Send to

Choose Destination
Hum Mol Genet. 2008 May 15;17(10):1436-45. doi: 10.1093/hmg/ddn032. Epub 2008 Feb 7.

siRNA knock-down of mutant torsinA restores processing through secretory pathway in DYT1 dystonia cells.

Author information

Molecular Neurogenetics Unit, Massachusetts General Hospital, Charlestown, MA 02129, USA.


Most cases of the dominantly inherited movement disorder, early onset torsion dystonia (DYT1) are caused by a mutant form of torsinA lacking a glutamic acid residue in the C-terminal region (torsinADeltaE). TorsinA is an AAA+ protein located predominantly in the lumen of the endoplasmic reticulum (ER) and nuclear envelope apparently involved in membrane structure/movement and processing of proteins through the secretory pathway. A reporter protein Gaussia luciferase (Gluc) shows a reduced rate of secretion in primary fibroblasts from DYT1 patients expressing endogenous levels of torsinA and torsinADeltaE when compared with control fibroblasts expressing only torsinA. In this study, small interfering RNA (siRNA) oligonucleotides were identified, which downregulate the levels of torsinA or torsinADeltaE mRNA and protein by over 65% following transfection. Transfection of siRNA for torsinA message in control fibroblasts expressing Gluc reduced levels of luciferase secretion compared with the same cells non-transfected or transfected with a non-specific siRNA. Transfection of siRNA selectively inhibiting torsinADeltaE message in DYT fibroblasts increased luciferase secretion when compared with cells non-transfected or transfected with a non-specific siRNA. Further, transduction of DYT1 cells with a lentivirus vector expressing torsinA, but not torsinB, also increased secretion. These studies are consistent with a role for torsinA as an ER chaperone affecting processing of proteins through the secretory pathway and indicate that torsinADeltaE acts to inhibit this torsinA activity. The ability of allele-specific siRNA for torsinADeltaE to normalize secretory function in DYT1 patient cells supports its potential role as a therapeutic agent in early onset torsion dystonia.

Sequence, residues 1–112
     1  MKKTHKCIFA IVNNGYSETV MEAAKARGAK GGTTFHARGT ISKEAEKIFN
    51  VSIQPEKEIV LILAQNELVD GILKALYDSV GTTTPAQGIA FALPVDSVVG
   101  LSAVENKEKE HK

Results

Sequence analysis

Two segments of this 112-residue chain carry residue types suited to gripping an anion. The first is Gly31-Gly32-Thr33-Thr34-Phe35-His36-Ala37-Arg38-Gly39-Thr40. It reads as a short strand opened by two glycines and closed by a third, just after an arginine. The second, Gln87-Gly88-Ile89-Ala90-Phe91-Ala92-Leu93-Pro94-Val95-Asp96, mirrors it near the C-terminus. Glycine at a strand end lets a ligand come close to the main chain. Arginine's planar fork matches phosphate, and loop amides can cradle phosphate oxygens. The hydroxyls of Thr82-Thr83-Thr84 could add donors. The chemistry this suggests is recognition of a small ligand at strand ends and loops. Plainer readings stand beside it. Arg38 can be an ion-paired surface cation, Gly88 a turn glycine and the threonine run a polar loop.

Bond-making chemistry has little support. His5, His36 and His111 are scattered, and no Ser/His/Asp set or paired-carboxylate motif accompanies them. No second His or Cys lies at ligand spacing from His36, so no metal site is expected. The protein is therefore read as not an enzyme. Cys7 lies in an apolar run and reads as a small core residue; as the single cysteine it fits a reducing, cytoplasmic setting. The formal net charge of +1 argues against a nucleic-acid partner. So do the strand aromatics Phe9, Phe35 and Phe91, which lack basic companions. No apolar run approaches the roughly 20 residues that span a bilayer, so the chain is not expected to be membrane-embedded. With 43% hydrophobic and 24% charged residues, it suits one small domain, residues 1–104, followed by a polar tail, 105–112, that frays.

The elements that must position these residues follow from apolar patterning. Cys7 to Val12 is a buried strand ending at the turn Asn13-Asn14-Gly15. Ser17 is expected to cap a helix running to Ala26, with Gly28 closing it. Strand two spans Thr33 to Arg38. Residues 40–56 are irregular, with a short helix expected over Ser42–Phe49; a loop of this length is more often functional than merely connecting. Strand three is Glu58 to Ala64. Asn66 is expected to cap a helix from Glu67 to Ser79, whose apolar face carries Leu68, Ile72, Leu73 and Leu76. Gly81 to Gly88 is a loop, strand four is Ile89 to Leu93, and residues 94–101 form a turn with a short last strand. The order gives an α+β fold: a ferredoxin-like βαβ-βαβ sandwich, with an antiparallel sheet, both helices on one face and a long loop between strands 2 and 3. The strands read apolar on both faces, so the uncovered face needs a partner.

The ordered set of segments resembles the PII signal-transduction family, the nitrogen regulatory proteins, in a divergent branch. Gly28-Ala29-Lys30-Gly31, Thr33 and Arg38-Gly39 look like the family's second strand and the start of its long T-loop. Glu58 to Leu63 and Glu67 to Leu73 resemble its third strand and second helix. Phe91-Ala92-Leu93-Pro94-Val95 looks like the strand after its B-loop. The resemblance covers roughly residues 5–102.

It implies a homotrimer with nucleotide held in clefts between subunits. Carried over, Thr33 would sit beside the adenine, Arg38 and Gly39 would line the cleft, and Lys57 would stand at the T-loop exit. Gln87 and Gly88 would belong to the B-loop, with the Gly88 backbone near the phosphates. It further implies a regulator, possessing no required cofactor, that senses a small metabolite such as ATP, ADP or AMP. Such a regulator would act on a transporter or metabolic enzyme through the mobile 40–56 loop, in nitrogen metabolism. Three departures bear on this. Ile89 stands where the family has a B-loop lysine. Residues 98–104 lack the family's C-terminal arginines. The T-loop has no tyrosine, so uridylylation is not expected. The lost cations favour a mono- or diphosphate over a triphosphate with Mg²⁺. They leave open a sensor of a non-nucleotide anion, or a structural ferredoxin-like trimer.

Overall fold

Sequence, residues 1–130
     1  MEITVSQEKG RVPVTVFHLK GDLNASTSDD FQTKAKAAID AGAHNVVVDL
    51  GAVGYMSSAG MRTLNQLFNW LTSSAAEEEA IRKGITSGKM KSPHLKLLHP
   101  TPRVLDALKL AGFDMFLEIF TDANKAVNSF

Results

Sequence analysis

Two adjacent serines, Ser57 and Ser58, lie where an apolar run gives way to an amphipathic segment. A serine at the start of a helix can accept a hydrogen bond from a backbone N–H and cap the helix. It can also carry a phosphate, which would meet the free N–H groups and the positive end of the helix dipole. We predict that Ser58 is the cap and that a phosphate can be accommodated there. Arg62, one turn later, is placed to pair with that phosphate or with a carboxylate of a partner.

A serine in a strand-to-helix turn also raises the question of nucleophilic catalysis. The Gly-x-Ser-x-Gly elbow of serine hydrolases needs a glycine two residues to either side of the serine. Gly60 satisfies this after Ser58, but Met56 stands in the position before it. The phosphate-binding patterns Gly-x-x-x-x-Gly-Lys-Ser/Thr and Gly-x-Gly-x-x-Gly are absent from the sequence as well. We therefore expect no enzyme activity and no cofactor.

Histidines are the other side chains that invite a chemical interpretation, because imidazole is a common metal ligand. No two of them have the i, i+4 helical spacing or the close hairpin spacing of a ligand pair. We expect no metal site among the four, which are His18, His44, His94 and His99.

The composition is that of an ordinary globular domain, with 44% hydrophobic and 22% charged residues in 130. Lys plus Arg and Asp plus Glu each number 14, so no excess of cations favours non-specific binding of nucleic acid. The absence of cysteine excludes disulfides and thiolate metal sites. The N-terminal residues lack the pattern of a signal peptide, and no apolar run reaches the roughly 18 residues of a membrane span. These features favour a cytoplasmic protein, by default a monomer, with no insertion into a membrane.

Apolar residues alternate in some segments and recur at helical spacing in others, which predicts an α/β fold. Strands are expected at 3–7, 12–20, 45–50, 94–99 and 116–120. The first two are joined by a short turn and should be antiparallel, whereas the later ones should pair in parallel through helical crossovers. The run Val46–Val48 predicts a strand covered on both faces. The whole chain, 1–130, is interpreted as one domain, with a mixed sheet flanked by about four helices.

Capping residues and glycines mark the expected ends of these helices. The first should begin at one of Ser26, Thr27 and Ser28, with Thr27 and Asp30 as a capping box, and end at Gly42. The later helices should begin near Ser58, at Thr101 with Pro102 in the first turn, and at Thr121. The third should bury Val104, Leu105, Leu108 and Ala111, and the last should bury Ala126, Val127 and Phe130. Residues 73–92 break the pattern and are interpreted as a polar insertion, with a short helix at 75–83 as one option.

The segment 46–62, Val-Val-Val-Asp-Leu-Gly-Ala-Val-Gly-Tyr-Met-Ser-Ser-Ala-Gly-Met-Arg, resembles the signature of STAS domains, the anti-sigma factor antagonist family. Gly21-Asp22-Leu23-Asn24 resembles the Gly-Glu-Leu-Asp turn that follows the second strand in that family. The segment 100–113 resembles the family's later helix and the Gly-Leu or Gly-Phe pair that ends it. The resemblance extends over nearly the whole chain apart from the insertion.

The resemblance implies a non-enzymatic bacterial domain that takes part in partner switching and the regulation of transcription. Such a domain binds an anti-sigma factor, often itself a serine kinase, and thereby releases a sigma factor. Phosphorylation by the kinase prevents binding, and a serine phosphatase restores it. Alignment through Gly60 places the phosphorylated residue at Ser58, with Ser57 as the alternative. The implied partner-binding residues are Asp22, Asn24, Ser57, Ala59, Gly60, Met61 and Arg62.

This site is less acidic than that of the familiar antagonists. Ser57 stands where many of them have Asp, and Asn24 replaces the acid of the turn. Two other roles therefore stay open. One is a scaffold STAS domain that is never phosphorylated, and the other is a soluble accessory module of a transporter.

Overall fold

[Indexed for MEDLINE]
Free PMC Article

Supplemental Content

Full text links

Icon for Silverchair Information Systems Icon for PubMed Central
Loading ...
Support Center